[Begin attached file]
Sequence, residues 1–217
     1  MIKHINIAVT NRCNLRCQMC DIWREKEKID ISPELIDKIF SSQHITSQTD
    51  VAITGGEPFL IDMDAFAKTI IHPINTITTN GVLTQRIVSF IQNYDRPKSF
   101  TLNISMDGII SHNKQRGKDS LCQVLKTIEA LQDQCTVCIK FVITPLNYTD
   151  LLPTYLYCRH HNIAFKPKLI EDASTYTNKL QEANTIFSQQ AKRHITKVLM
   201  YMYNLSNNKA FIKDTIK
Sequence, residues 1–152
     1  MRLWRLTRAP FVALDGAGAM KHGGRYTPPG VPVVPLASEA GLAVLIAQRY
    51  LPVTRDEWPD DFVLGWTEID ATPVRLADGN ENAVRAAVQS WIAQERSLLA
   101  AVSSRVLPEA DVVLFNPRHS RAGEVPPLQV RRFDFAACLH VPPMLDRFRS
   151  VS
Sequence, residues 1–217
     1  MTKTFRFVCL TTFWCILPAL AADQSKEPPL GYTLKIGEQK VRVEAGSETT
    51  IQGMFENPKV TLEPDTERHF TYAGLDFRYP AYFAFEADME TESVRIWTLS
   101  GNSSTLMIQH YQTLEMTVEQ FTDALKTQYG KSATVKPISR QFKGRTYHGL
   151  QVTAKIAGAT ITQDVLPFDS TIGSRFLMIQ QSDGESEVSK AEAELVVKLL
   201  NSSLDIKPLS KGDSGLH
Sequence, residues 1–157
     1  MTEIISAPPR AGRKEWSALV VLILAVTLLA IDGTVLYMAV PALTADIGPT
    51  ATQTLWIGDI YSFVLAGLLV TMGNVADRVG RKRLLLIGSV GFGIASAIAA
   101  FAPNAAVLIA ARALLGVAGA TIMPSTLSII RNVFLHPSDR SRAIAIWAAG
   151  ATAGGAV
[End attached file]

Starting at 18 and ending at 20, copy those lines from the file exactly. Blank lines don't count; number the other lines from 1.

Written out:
Sequence, residues 1–157
     1  MTEIISAPPR AGRKEWSALV VLILAVTLLA IDGTVLYMAV PALTADIGPT
    51  ATQTLWIGDI YSFVLAGLLV TMGNVADRVG RKRLLLIGSV GFGIASAIAA